Taking on the illegal wildlife trade

One of our new teams, COP Sumatra, is taking the fight to illegal wildlife traffickers. Their latest bust is a disturbingly large cache of pangolin scales. Although the poachers have been arrested and the scales will never make it to their buyers, over 1,500 of these vulnerable, gentle animals are now gone. The sheer enormity of the tragedy is hard to comprehend.

Above: one of many bags of pangolin scales confiscated during the bust in June this year

COP Sumatra started operations in July last year to actively fight the illegal wildlife trade, including investigating zoos and social media reports of animal abuse and animal trafficking. They’ve also collected data on the treatment of wildlife across the island of Sumatra and have conducted busts to confiscate animals and body parts and arrest wildlife criminals.

Their first mission was a fact-finding mission in July 2021, during which time they confiscated three eagles and other wildlife. They also checked a number of zoos, including Megan Zoo and Sibolangit Animal Park (TWA Sibolangit) in North Sumatra. During these visits, they realised these two zoos needed the most help, and they’ve been providing veterinary care, food, enrichment and other support to improve the lives of the animals in the zoos.

Above: two of three eagles COP Sumatra confiscated during their first mission to gather data and intelligence across Sumatra in July 2021

In mid-October the team started to track illegal wildlife trade in Jambi, near the Bukit Tigapuluh Ecosystem where we have legally protected thousands of hectares of forest. In addition, they’ve worked in Java, collecting data and information about illegal operations. This work is dangerous, and the team puts their lives in danger every time they discuss wildlife traffickers and search for information.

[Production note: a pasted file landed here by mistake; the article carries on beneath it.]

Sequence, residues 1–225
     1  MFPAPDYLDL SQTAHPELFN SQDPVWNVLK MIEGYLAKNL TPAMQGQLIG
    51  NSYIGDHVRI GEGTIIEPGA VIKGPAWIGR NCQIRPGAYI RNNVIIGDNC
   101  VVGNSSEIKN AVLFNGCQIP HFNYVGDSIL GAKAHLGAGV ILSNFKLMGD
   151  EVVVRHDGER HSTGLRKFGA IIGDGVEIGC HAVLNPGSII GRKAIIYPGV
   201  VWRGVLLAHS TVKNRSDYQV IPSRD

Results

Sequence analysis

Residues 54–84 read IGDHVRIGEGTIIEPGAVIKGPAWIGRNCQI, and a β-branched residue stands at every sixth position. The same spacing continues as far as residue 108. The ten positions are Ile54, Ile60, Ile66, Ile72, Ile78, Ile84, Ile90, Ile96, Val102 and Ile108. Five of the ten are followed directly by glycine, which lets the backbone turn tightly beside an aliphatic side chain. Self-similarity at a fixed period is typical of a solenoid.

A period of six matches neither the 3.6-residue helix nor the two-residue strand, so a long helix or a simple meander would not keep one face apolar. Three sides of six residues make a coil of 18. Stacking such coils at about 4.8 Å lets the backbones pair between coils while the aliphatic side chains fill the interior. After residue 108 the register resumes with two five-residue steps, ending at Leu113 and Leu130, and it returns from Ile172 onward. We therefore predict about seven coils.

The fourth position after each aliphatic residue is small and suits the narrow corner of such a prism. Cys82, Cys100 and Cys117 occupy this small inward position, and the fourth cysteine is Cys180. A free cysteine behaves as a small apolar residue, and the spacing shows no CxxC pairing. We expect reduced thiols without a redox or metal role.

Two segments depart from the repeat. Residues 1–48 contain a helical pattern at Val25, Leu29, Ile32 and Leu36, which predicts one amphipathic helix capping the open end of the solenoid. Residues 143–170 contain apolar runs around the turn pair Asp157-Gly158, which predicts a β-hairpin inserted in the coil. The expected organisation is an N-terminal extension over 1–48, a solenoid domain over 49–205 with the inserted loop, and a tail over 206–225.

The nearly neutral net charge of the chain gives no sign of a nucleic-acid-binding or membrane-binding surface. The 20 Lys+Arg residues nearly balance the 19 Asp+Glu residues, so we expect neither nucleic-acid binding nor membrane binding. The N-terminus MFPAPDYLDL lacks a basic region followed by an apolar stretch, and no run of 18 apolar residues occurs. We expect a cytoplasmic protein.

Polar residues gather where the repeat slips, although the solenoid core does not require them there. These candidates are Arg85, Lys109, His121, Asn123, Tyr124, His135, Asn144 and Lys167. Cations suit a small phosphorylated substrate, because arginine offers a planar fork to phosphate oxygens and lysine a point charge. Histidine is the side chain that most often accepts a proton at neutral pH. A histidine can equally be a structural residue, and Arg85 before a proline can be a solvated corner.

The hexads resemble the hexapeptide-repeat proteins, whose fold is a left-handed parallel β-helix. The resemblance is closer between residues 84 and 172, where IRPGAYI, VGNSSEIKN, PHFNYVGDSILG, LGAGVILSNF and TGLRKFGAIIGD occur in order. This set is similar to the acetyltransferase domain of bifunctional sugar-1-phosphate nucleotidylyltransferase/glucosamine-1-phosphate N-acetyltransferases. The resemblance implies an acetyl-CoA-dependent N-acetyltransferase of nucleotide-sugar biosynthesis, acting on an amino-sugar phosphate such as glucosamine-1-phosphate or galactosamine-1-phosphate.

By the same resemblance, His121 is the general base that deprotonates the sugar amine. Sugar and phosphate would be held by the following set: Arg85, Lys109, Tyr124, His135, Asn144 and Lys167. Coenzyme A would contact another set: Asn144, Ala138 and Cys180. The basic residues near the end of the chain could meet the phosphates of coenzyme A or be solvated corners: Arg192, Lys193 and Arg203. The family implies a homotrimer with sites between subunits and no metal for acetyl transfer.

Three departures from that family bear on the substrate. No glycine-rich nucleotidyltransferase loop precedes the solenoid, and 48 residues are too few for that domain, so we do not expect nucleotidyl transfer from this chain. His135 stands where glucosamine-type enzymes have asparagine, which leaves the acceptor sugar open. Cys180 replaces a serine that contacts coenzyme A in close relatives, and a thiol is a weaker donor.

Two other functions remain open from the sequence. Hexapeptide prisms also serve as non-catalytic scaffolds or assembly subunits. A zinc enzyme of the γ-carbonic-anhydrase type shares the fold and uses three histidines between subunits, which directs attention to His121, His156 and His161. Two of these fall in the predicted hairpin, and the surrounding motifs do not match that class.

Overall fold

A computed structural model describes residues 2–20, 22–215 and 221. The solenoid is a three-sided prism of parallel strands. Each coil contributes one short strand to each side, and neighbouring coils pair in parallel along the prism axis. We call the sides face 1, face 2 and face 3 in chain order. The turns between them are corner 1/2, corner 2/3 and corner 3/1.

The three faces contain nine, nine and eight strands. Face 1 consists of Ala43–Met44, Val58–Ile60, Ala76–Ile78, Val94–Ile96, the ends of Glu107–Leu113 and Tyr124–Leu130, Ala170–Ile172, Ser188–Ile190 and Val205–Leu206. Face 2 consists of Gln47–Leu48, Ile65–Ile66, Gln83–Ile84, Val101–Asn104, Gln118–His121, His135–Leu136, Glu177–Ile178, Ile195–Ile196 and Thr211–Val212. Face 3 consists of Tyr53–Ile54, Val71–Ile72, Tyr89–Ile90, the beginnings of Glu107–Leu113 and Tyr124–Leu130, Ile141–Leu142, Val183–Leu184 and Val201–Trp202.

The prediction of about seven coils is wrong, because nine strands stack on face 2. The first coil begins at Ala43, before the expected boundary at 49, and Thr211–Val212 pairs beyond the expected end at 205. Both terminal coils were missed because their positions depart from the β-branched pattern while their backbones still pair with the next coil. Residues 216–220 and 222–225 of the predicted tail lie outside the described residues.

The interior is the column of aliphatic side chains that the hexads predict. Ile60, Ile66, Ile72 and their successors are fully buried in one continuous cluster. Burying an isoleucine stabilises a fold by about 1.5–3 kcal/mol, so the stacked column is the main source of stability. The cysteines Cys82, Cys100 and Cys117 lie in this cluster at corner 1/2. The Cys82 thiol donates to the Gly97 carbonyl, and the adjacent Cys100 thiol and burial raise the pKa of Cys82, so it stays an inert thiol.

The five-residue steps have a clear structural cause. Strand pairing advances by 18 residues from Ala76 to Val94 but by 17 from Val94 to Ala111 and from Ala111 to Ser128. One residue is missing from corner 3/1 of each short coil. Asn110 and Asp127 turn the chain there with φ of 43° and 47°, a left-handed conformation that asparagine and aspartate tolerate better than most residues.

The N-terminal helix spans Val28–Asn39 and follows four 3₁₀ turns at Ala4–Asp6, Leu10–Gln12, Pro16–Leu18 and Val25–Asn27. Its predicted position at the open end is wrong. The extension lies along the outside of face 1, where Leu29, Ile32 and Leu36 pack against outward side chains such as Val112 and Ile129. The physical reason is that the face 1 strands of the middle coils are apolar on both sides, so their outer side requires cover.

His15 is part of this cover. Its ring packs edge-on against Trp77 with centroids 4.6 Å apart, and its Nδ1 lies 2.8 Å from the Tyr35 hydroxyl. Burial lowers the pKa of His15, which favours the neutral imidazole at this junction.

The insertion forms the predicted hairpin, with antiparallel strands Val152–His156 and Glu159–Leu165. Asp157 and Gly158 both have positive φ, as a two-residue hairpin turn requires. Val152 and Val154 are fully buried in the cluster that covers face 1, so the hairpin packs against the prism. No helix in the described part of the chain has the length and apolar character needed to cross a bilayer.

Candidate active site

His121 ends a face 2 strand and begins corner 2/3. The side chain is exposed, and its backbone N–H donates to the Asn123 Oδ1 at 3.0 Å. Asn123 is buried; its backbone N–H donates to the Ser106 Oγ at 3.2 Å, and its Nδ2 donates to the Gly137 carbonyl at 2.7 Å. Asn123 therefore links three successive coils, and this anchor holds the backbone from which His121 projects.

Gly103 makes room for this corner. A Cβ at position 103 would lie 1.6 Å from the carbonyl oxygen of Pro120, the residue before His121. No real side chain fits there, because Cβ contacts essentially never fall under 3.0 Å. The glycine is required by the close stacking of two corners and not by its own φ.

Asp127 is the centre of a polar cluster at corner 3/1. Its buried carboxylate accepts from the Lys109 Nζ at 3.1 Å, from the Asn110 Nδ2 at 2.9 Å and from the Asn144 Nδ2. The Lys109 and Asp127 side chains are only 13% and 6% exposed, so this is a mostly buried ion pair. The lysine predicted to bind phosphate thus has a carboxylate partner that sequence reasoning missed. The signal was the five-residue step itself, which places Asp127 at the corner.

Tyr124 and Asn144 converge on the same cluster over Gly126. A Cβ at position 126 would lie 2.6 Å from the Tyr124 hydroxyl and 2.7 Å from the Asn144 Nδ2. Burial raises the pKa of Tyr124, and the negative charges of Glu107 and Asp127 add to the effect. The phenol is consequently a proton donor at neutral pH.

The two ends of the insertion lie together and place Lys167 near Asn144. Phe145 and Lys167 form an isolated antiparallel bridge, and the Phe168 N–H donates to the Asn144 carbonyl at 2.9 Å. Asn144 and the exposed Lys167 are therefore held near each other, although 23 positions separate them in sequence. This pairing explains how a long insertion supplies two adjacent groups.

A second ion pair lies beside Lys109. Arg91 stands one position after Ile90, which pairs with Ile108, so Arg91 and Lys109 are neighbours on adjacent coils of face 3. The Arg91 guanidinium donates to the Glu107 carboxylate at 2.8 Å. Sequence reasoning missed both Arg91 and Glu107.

The illegal wildlife trade is the third largest illegal trade in the world, behind illegal weapons and illegal drugs, and it’s often the same people involved in these networks. Traders usually trade multiple species so every illegal trader caught and arrested is vital in the future protection of all Sumatran wildlife, including orangutans. Every time our teams speak to people, confiscate animal body parts, or arrest perpetrators, they’re at risk. But it’s something we simply must do; without brave individuals like the COP Sumatra team, even more Critically Endangered animals would be killed. 

Earlier this year, the COP Sumatra team and local North Sumatra police managed to thwart two illegal wildlife trade operations, the first in Aceh in February, which led to the arrest of three people who were suspected of selling body parts of protected wildlife. When they arrived at the location of the criminals, they were shocked to find 21 kilograms of pangolin scales, shoved into five plastic bags. The second operation was worse - they found 150 kilograms of pangolin scales. Two more suspects were arrested.

The terrible reality is that at least 1,500 pangolins, most likely from across Indonesia, were killed for these 171 kilograms. We estimate that between five and eight pangolins are killed for every kilogram of scales, depending on body size. With a selling price of 2,500,000 rupiah per kilogram, the scales the team confiscated in the two raids amount to 375,000,000 Indonesian rupiah, which equates to just over $25,000USD ($36,000AUD / $25,000Euro).

The suspects confessed and admitted to killing the Critically Endangered pangolins, which are the most highly trafficked animals in the world, with demand primarily in Asia and increasingly in Africa. The species, also known as the ‘scaly anteater’ because of their preferred food, is trafficked for their meat and scales. Although they look a little like reptiles, pangolins are mammals and their scales are made of the same thing as our fingernails – keratin. 

Despite this, their scales are highly sought for traditional medicines in places like China, Vietnam and Indonesia. This illegal trade makes them incredibly vulnerable to extinction. Pangolins are gentle creatures who have been on earth for millions of years, and they now face extinction within ten years thanks to greedy, unscrupulous wildlife traffickers. Our COP Sumatra team will continue to work with local authorities and police to combat this awful trade.

Below: One of the pangolin poachers handcuffed after his arrest, the team carrying out an animal welfare check on sun bears in the Medan Zoo, and one of eagles confiscated in July 2021.

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